XB-ART-39958J Cell Sci July 15, 2009; 122 (Pt 14): 2514-23.
An adhesion-independent, aPKC-dependent function for cadherins in morphogenetic movements.
Cadherin shedding affects migration and occurs in development and cancer progression. By examining the in vivo biological function of the extracellular cadherin domain (CEC1-5) independently of the shedding process itself, we identified a novel function for cadherins in convergent extension (CE) movements in Xenopus. CEC1-5 interfered with CE movements during gastrulation. Unexpectedly, CEC1-5 did not alter cell aggregation or adhesion to cadherin substrates. Instead, gastrulation defects were rescued by a membrane-anchored cadherin cytoplasmic domain, the polarity protein atypical PKC (aPKC) or constitutive active Rac, indicating that CEC1-5 modulates a cadherin-dependent signalling pathway. We found that the cadherin interacts with aPKC and, more importantly, that the extracellular domain alters this association as well as the phosphorylation status of aPKC. This suggests that CE movements require a dynamic regulation of cadherin-aPKC interaction. Our results show that cadherins play a dual role in CE movements: a previously identified adhesive activity and an adhesion-independent function that requires aPKC and Rac, thereby directly connecting cadherins with polarity. Our results also suggest that increased cadherin shedding, often observed in cancer progression, can regulate migration and invasion by modulating polarity protein activity.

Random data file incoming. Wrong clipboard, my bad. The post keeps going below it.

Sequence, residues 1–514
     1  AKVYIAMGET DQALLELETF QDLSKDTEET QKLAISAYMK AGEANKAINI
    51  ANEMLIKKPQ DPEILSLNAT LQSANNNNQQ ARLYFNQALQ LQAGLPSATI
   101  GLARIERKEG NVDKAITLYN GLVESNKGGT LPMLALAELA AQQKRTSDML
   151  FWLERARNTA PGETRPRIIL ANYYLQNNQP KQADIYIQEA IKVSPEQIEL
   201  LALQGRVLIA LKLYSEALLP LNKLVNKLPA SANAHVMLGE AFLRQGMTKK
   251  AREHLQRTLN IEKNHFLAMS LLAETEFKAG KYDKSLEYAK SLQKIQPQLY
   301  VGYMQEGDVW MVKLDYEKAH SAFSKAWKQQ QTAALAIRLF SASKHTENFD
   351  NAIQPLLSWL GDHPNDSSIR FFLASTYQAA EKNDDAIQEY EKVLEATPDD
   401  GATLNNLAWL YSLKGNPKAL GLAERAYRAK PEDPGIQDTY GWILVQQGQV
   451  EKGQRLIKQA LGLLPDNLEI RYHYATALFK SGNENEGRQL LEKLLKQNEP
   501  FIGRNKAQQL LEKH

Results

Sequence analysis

PubMed ID: 19549688
Article link: J Cell Sci
Genes referenced: akt1 prkci rac1